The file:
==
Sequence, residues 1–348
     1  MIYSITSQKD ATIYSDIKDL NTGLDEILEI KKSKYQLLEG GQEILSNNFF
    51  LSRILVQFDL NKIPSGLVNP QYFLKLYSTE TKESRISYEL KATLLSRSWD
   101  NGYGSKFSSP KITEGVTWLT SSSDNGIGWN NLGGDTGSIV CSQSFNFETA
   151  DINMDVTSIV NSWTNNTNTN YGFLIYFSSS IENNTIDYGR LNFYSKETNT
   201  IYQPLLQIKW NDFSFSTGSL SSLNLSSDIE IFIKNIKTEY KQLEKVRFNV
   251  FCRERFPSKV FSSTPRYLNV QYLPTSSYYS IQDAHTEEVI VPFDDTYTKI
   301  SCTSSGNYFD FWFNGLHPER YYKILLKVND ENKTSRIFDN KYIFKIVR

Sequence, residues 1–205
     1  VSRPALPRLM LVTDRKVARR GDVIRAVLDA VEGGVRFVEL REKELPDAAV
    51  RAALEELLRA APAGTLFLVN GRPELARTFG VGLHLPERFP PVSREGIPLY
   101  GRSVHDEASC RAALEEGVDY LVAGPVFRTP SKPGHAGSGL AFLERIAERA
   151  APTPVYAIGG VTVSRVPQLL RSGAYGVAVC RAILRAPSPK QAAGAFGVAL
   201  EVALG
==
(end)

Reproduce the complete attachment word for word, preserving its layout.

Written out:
Sequence, residues 1–348
     1  MIYSITSQKD ATIYSDIKDL NTGLDEILEI KKSKYQLLEG GQEILSNNFF
    51  LSRILVQFDL NKIPSGLVNP QYFLKLYSTE TKESRISYEL KATLLSRSWD
   101  NGYGSKFSSP KITEGVTWLT SSSDNGIGWN NLGGDTGSIV CSQSFNFETA
   151  DINMDVTSIV NSWTNNTNTN YGFLIYFSSS IENNTIDYGR LNFYSKETNT
   201  IYQPLLQIKW NDFSFSTGSL SSLNLSSDIE IFIKNIKTEY KQLEKVRFNV
   251  FCRERFPSKV FSSTPRYLNV QYLPTSSYYS IQDAHTEEVI VPFDDTYTKI
   301  SCTSSGNYFD FWFNGLHPER YYKILLKVND ENKTSRIFDN KYIFKIVR

Sequence, residues 1–205
     1  VSRPALPRLM LVTDRKVARR GDVIRAVLDA VEGGVRFVEL REKELPDAAV
    51  RAALEELLRA APAGTLFLVN GRPELARTFG VGLHLPERFP PVSREGIPLY
   101  GRSVHDEASC RAALEEGVDY LVAGPVFRTP SKPGHAGSGL AFLERIAERA
   151  APTPVYAIGG VTVSRVPQLL RSGAYGVAVC RAILRAPSPK QAAGAFGVAL
   201  EVALG